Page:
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(WBIR - Knoxville) Crews from the Environmental Protection Agency (EPA) have arrived at Knoxville College to begin removing thousands of bottles of hazardous materials found in an abandoned science building on campus.

The A.K. Stewart Science Building is one of many vacant buildings at the struggling historic college. The building has been abandoned for several years, but many of the materials used for college-level science classes were never removed.

The Tennessee Department of Environment and Conservation (TDEC) initially investigated the situation after being contacted by a Knoxville scrapyard in 2013. TDEC says the scrap material set off radiation detector alarms at the scrapyard when scanning a shipment originating from Knoxville College.

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"TDEC staff responded, identified the presence of a low level source of radiation, and assisted in the return of the material to Knoxville College. TDEC informed Knoxville College of need for proper disposition of material that day and, in a letter dated May 20, 2013, requested they dispose of the radiation source within 90 days," wrote Kelly Brockman in an email to 10News. "On May 31, 2013, TDEC staff visited the site to assess storage security and perform further on site assessment. TDEC worked with Knoxville College in an effort to dispose of the material from May 2013 through May 2014, making several visits to assess the security of the material."

On Thursday, June 5, officials from TDEC visited the school to confirm the hazardous material had been safely secured.

During this visit, "TDEC discovered additional hazardous materials and hazardous conditions, specifically in the A.K. Stewart Science Center. TDEC immediately notified the U.S. Environmental Protection Agency (EPA), which is now leading up the investigation," wrote Brockman.

The A.K. Stewart building contained "multiple leaking and damaged containers of hazardous substances and hazardous wastes throughout the three story facility" on June 5, according to the EPA's office in Atlanta. TDEC then contacted the EPA. The city fire marshal then shut down all access to the building.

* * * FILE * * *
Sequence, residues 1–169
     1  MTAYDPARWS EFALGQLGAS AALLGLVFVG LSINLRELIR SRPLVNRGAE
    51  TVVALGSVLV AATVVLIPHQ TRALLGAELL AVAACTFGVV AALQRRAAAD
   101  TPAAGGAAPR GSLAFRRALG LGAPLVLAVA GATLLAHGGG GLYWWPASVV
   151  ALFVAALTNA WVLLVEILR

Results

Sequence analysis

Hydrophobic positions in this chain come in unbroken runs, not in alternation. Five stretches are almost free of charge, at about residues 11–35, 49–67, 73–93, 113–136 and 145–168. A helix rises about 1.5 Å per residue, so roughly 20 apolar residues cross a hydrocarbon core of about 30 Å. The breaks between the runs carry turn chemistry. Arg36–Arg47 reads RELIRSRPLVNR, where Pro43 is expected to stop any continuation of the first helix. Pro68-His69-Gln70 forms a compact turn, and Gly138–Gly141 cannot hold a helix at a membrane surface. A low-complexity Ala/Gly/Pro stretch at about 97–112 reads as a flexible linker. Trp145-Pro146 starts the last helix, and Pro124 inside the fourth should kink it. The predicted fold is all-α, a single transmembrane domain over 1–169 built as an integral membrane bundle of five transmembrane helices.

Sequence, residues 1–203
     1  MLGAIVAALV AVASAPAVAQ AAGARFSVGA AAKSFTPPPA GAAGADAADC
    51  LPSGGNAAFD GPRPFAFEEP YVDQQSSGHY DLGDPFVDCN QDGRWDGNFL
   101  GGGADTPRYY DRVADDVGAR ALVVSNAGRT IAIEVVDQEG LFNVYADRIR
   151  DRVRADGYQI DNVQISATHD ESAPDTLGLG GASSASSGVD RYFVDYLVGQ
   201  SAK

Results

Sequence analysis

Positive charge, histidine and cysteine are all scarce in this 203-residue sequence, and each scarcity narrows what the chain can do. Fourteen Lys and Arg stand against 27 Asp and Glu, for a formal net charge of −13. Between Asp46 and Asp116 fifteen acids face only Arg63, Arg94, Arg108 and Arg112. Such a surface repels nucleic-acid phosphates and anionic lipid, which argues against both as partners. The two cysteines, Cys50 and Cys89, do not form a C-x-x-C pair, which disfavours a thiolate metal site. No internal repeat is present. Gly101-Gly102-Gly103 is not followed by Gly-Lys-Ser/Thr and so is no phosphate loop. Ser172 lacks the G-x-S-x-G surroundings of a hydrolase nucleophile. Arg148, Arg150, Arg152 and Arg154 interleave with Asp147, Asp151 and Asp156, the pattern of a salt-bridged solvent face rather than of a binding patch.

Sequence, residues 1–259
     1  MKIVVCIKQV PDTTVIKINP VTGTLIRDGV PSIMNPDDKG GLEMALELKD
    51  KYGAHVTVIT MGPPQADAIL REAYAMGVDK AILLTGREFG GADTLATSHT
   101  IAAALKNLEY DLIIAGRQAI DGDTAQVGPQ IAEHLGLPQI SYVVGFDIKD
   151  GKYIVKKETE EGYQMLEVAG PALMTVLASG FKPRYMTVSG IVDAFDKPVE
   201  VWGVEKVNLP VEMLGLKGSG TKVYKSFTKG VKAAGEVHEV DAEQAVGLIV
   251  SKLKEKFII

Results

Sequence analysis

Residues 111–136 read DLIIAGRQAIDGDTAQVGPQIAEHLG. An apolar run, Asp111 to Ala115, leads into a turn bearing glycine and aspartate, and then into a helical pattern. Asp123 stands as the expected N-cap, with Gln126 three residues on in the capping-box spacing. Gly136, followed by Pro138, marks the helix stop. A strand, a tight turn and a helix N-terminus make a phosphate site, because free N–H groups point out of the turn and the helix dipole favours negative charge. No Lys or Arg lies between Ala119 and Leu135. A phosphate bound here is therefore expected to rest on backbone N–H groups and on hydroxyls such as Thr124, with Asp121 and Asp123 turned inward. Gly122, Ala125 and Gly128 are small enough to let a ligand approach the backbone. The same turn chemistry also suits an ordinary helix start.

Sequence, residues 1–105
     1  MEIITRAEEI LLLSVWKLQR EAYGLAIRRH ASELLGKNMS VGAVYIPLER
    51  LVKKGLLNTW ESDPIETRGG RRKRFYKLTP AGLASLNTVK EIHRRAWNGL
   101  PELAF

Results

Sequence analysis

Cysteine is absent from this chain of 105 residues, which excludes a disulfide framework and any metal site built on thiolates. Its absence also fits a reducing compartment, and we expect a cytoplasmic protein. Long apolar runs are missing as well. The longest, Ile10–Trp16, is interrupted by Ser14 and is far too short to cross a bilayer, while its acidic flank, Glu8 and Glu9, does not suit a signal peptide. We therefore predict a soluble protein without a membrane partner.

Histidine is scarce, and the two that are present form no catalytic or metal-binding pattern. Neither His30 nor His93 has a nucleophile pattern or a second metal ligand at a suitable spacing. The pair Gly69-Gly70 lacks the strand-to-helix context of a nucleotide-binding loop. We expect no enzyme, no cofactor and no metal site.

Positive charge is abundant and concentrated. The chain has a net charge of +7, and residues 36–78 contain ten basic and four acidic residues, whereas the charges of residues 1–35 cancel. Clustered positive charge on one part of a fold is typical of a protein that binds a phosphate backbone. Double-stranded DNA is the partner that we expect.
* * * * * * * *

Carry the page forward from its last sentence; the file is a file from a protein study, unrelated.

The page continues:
"TDEC observed many instances of incompatible and improper storage. The facility was unsecured and there were overt signs of trespassing and scrapping. Multiple windows were broken and the exterior doors were unsecured. The facility is directly adjacent to residential neighborhoods," wrote James Pinkney with EPA Public Affairs.

"EPA crews entered the building and observed thousands of chemical bottles ranging in size from 5-gallons to milliliter volumes. There were 39 rooms and laboratories containing varied amounts of hazardous substances. Many of the containers are damaged, leaking, unlabeled, or otherwise compromised. Hazards include flammable, combustible, oxidizing, toxic, air reactive, corrosive, biological, and radioactive materials as well as incompatible storage. Crews also found elevated mercury levels throughout the building," wrote Pinkney.

An on-scene coordinator with the EPA told 10News the air has been monitored and the surrounding residential neighborhoods are not being exposed to any toxic materials. The materials inside the building did not pose an immediate risk, but could have if left unattended and allowed to deteriorate further. As for the detection of radioactive materials, the EPA coordinator said it was low-risk material found in equipment used frequently in college science labs.

The EPA estimates the entire cleanup will take 3-4 weeks. The cash-strapped college lost its accreditation several years ago and cannot afford to pay for the cleanup. Therefore, the EPA says the federal government has agreed to fund the emergency cleanup to eliminate any risk to the community.

No one with the school or the EPA was available for official on-camera interviews Monday. The EPA says they are planning a joint announcement Tuesday with officials from the state, city, and Knoxville College.

The EPA has set up a web page devoted to information about the clean-up at Knoxville College.

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